In a precedent-setting move, Harvard is considering divesting its stock holdings in two major U.S. tobacco companies.
The University wrote to both RJR-Nabisco and Philip Morris in July asking them to respond to charges that promotional techniques in Latin American, African and Asian nations are often heavyhanded. Harvard also asked the companies to explain why they do not place warning labels on cigarette packs, as is required in this country.
The Corporation Committee on Shareholder Responsibility (CCSR), which formulates Harvard's investment policy, sent the letters after the issue was raised by an advisory panel last spring. So far, the committee has received no response from the two multinational corporations.
"Some members of our committee...believe that Harvard, which refuses to own stock in some companies because it does not wish to be associated with particular economic activities (gambling; prostitution), should seriously consider placing the production and sale of cigarettes in that category," according to an internal memo written by the Advisory Committee on Shareholder Responsibility (ACSR). The ACSR is a panel of faculty, students and administrators which advises the Corporation on ethical investing.
Experts across the country said this week thatif Harvard were to decide to divest from tobaccocompanies it would be the first institution in thecountry to do so.
This latest move toward divestment comes aftera decade of pressure on the University to divestof stock from compnaies doing business in SouthAfrica, which led to a policy of selectivedivestment. Harvard in 1986 divested about $157million in South Africa-related stocks--about athird of its holdings at the time. That total hassince fallen to about $200 million, in partbecause of the October stock market crash.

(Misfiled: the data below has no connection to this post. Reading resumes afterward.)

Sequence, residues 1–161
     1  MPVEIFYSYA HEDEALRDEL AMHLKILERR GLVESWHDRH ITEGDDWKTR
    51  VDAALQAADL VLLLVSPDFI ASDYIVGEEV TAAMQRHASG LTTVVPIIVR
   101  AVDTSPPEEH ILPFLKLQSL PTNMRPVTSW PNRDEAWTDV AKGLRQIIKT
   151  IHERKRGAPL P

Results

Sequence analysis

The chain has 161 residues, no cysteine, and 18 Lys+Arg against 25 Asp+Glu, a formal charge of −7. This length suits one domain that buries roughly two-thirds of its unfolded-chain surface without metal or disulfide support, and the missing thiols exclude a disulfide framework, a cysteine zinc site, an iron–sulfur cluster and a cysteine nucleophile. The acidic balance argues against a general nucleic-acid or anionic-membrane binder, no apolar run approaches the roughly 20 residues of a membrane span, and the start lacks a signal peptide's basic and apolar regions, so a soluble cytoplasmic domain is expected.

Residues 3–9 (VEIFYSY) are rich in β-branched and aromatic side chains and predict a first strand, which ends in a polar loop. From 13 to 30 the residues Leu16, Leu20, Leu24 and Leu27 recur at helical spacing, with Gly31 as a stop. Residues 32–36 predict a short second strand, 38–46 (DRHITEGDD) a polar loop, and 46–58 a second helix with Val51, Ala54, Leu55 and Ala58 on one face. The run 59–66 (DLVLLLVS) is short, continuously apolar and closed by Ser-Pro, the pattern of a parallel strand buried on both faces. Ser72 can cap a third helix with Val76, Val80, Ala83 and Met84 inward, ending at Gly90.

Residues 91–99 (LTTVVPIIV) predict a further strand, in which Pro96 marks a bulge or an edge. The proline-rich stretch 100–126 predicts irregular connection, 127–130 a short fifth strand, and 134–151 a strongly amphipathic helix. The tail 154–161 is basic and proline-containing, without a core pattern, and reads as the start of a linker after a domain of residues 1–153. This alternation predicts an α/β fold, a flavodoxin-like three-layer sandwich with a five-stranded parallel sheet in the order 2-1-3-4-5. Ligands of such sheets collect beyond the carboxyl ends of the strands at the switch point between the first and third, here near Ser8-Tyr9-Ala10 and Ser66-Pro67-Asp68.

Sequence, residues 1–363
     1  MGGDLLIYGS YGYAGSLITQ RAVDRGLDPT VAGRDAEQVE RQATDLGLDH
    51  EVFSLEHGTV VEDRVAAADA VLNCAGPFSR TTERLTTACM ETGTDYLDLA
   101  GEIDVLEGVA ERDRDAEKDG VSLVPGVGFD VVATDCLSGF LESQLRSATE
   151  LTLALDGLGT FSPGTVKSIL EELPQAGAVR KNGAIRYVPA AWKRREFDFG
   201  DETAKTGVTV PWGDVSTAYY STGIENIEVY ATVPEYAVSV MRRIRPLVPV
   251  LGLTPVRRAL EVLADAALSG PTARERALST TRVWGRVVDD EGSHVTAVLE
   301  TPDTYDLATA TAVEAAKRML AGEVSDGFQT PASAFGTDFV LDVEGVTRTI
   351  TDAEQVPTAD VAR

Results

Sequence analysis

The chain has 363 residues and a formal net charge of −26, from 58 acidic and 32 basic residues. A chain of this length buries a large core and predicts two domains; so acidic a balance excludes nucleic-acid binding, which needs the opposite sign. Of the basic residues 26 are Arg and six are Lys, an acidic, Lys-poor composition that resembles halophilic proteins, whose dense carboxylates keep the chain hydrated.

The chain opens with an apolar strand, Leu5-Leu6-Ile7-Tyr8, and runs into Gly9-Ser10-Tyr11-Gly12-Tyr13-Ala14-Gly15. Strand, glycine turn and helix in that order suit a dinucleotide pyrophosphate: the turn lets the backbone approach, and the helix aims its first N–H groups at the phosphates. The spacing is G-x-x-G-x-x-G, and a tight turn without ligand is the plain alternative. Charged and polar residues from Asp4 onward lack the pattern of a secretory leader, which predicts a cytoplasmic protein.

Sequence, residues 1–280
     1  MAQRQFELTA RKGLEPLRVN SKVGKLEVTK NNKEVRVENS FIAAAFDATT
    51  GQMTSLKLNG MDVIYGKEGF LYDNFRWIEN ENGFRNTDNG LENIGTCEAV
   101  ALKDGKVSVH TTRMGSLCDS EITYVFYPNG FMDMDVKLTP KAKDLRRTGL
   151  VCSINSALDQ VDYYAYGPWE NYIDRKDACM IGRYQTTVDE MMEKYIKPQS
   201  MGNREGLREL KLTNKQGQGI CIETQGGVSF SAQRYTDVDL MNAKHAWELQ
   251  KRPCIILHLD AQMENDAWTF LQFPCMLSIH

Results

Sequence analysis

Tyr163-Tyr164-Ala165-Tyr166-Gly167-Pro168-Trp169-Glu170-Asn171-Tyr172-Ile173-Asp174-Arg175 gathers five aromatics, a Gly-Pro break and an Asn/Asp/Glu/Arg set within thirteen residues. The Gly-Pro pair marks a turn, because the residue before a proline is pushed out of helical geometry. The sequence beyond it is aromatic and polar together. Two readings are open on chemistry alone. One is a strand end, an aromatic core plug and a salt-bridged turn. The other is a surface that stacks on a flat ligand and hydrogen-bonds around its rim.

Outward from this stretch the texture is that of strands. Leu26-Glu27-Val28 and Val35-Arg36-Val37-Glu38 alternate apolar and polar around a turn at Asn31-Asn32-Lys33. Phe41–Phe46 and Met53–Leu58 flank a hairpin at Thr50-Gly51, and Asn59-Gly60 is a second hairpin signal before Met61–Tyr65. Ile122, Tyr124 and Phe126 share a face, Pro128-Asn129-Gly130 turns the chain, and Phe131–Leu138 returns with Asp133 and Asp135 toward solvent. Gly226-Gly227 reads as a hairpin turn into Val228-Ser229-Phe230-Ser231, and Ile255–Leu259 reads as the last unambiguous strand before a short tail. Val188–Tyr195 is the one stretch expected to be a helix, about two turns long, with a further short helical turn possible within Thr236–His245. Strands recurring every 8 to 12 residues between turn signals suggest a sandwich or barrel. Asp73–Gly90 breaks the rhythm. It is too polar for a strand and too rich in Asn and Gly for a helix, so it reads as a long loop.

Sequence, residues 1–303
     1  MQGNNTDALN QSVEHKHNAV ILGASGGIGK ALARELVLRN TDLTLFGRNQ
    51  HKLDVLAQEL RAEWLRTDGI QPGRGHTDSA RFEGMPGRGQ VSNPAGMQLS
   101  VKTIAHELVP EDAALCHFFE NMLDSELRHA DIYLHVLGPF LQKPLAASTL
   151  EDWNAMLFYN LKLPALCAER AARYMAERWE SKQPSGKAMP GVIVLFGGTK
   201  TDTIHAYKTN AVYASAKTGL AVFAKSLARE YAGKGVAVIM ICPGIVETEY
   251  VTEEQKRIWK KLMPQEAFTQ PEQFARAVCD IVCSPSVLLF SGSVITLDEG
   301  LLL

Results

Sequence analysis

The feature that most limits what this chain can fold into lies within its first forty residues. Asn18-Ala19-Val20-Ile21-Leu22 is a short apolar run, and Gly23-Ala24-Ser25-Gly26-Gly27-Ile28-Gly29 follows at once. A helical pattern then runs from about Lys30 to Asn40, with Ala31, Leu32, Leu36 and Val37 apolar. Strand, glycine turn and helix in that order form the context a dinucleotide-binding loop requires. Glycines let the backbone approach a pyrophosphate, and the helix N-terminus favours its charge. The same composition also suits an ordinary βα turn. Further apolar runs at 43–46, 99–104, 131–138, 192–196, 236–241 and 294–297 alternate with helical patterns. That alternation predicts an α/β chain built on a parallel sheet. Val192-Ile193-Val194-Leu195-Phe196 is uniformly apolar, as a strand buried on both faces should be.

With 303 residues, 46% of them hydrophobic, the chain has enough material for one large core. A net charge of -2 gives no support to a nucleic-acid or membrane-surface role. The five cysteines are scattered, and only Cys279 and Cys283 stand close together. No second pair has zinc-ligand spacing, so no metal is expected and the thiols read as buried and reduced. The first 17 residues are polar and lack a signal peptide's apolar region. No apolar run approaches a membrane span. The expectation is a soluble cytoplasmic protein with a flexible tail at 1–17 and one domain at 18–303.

The drive to divest from tobacco companiesseems likely to rekindle the debate about thebenefits of divestment. Harvard and other criticsof divestment have argued that in most cases, abetter alternative is constructive engagement, bywhich the University deliberately maintains itsstock to put pressure on companies.
The ACSR raised the possibility of divestmentafter a shareholder-sponsored resolution thisspring called for the two companies to report ontheir advertising and promotion campaigns indeveloping nations. The proxy fight, which wassponsored by an activist Jesuit order inMilwaukee, was not targeted against the companies'domestic business.
The ACSR said it is concerned about highprofile advertising campaigns in overseas nationsthat do not require health warnings on cigarettes.The dangers of smoking, which have been widelypublicized by the U.S. Surgeon General, are lesswell known in developing countries.
Although health warnings are now required oncigarette packaging in the U.S. and in Europe,most other nations lack such requirements. Lastyear, overseas sales by RJR increased about 10percent, although U.S. sales have remained flat.
"We believe that companies seeking to expandsales in the third world should...tellstockholders their reasons" for not using healthwarnings, the ACSR said in a May memo.
But RJR and Philip Morris have denied chargesthat their marketing techniques are tooaggressive. They also contend that voluntarywarning labels are unnecessary since smoking hasnot been demonstrably linked to lung disease.
"There is no conclusive proof of acause-and-effect relationship between cigarettesmoking and chronic diseases, and the Company willcontinue to challenge allegations to thecontrary," Philip Morris said in a report releasedin response to the proxy resolution.
But the ACSR has challenged that account. Inits report to the CCSR, it cited World HealthOrganization statistics that attribute 2.5 milliondeaths each year worldwide to tobacco use.